York and North Yorkshire combined authority to employ 54 staff

Officials sign the York and North Yorkshire devolution deal in 2022.

The new York and North Yorkshire Combined Authority will employ 54 staff at a cost of £4.5m a year, it has been revealed.

The authority will be led by the region’s first-ever mayor with voters going to the polls on May 2.

Later today, councillors at North Yorkshire Council and City of York Council will discuss a report that details the new mayor’s budget in their first year.

The Local Democracy Reporting Service asked the office that is overseeing the creation of the combined authority for clarity on how many staff it will hire and what roles they will be doing.

James Farrar, interim director of transition, said the 54 officers will help to deliver £56m of “transformational programmes” related to housing, education, business and net zero.

They will also work to win additional investment and support businesses in the region.

Staff currently working in the office of Zoe Metcalfe, Police, Fire and Crime Commissioner, will transfer into the combined authority.

Regarding what the new mayor will be paid, an independent panel will make a recommendation after the election.

According to the website citymayors.com, West Yorkshire mayor Tracey Brabin is paid an annual allowance of £106,837, South Yorkshire mayor Dan Jarvis receives £79,000 and Tees Valley mayor Ben Houchen is paid £65,000.

Mr Farrar added: “The launch of the combined authority marks a historic moment for York and North Yorkshire as powers and funds previously held by Westminster have been devolved to local decision makers. That means more local controls and investment into local priorities.”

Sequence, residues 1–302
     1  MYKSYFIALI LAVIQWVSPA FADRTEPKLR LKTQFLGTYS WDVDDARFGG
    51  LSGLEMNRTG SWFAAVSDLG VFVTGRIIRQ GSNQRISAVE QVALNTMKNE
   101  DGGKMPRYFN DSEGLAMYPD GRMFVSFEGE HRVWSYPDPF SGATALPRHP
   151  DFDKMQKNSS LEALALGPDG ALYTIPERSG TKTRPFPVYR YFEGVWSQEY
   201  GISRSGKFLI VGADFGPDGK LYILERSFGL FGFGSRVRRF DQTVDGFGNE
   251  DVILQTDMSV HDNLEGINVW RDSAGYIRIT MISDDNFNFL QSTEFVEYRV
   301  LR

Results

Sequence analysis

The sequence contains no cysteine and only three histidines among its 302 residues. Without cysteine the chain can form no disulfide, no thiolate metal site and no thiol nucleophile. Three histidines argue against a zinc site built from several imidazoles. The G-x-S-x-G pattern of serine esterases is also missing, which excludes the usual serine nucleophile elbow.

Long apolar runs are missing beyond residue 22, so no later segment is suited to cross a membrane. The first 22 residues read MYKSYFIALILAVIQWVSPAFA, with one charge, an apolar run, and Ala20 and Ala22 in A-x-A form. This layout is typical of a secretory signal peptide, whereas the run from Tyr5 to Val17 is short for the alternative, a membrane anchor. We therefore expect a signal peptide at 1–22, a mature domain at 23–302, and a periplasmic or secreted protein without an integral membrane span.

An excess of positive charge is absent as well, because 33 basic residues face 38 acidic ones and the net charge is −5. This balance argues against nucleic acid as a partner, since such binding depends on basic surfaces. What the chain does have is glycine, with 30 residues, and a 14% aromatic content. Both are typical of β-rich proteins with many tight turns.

Powers used by mayors elsewhere in the country have included taking buses back into public ownership as has happened in Greater Manchester.

Conservative Tees Valley mayor Ben Houchen brought Teesside International Airport into public ownership in 2018 but he’s faced criticism over use of public money in the Redcar Steelworks project. Mr Houchen has strongly denied any wrongdoing.

Cllr Andy Brown (Green Party, Aire Valley) said he would have preferred to see one mayor for the whole of Yorkshire which he believes could assert more influence in Westminster.

But he said he hopes the role will lead to more investment in the region.

Cllr Brown said: “Lots of little mayors with different powers risks becoming a mess where people in London offer local leaders funding to do what they are told.”

“I welcome the opportunity for a North Yorkshire mayor to play a positive role in attracting responsible and sustainable economic development but would not welcome a repeat of the shambolic cynical misuse of public money that has taken place in Teesside under their badly controlled mayor.”

Joanna Marchong, investigations campaign manager of campaign group the Taxpayers’ Alliance said residents “will be sceptical of a huge pay bill” amidst talk of savings.

She added: “Combined authorities often deliver cheaper, more efficient services and York and North Yorkshire combined authority should be no exception. Officials must iron out the details and ensure residents are getting value for money.”